When the body curls into a submissive pose, cognitive performance also degrades. Good posture makes people more alert and engaged. In contrast, sitting with poor posture can amplify symptoms of depression and anxiety.
Maintain pro-quality computing hardware
A good-quality pro computing setup needs a strong foundation. That starts with a good layout of your desk in a clean room with a good circulation of fresh air. Add to that foundation with a good ergonomic chair and healthy sitting habits.
That puts you in a prime position to crack out several chunks of high-quality work every single day. To make sure that happens, you need a basic level of pro computing hardware. Using a slower computer that lags will waste your prime working time.
As gamers demand the latest and the greatest, non-gaming computer users can benefit. These days, high-end CPUs and GPUs offer a lot more power than non-gaming pros need. For multitasking, HD video editing, and even AAA gaming, using hardware a generation older works well. It saves money and still delivers more power than you will need for most pro tasks.
Unless you are are a CAD user, 3D rendering artist, or 4K video editor, $1500 will give non-gamers the power of a god. Check out 2020 standards for high-end processors, graphics cards, ports, and storage:
Take regular breaks
One component of an effective break is psychological detachment. That means mentally disengaging from work thoughts. Another key is to embrace positive thoughts while disengaged. That reverses the negative effects of work tasks. It also increases blood flow to the areas of the brain that we use for focus.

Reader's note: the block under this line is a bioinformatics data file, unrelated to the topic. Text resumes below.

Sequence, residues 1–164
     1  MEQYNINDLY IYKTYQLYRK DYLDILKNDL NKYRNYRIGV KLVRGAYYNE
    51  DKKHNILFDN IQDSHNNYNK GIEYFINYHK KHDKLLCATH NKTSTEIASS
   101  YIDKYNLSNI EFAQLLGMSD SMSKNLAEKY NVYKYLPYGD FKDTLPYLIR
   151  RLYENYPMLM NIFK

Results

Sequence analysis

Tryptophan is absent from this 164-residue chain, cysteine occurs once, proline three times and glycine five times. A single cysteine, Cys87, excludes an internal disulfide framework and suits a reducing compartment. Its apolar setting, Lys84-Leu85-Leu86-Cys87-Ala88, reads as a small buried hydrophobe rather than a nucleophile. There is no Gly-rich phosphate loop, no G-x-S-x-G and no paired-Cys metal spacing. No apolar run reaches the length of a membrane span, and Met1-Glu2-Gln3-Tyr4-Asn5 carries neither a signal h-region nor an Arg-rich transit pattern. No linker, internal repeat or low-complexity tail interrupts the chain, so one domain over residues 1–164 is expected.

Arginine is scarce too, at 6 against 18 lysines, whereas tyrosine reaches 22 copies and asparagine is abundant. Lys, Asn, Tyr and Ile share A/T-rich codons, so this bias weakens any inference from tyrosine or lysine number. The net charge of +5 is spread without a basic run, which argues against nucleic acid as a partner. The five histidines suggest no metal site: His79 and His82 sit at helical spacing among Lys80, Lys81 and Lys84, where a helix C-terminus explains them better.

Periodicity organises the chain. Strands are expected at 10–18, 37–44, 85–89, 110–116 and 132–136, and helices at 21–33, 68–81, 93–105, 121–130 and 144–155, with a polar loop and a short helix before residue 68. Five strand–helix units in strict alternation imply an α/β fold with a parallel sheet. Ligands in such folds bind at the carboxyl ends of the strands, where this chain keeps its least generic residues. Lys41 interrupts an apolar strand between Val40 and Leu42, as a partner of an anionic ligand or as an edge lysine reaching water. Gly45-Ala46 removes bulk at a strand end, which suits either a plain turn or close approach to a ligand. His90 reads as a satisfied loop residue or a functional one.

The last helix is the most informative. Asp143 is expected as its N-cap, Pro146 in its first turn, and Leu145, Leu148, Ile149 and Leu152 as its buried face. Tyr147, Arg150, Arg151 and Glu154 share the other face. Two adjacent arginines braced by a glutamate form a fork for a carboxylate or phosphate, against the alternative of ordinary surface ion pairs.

His work is complex. It involves a mix of design, programming, writing, editing, and collaboration. To fully disengage, he avoids using timers. “Whenever I feel the need, I step away from the computer and go for a walk.” Here is a summary of his method:
- Break complex works down into chunks. Each completed chunk should make the following chunk easier to finish. An average chunk usually takes between 15 to 20 minutes.
- Take a break when you have completed one chunk of work. You can also take a break whenever you start feeling tired or struggle to concentrate.
- Disengage from your work and all technologies. Leave your phone at your desk. Walk with a purpose towards a drink or fresh air.
- Try to completely forget about work and focus on positive, healthy sensations. For example, listen to birds chirping, or watch wind blow through trees.
- Reward yourself after each completed chunk or work with something special during a well-deserved break.
His method packs built-in motivation. First, by stepping away and disengaging, he maintains a clear view of the big-picture goals. “I enjoy seeing the pieces of a well-organized project coming together.” Seeing that motivates him to complete more pieces faster.
At the same time, pleasant breaks are also a big motivator. “When I sit down to a difficult task, looking forward to the next break. It’s very easy to visualize myself enjoying that break with the task done and the project moved further.”
One of his favorite rewards is a longer break. “I get my heaviest piece of work done each day in the morning. My reward is a 3-hour break for a workout and lunch.”
In the work-from-home era, the concept of taking many breaks through a workday makes sense. With discipline, arranging your work into chunks can yield incredible results. For one thing, working in short bursts with a primed brain will deliver more efficient production. For another, regular disengagement from the details helps you to see a project from micro and macro perspectives. As well, regular movement will keep your body and mind feeling vibrant, focused and alert.
Good feng shui, healthy sitting habits, and pro hardware is the foundation. Regular breaks provides the structure.
Combined, these form a system that delivers two key benefits for desk workers. Those are peak productivity, plus plenty of time to enjoy a healthy work-life balance.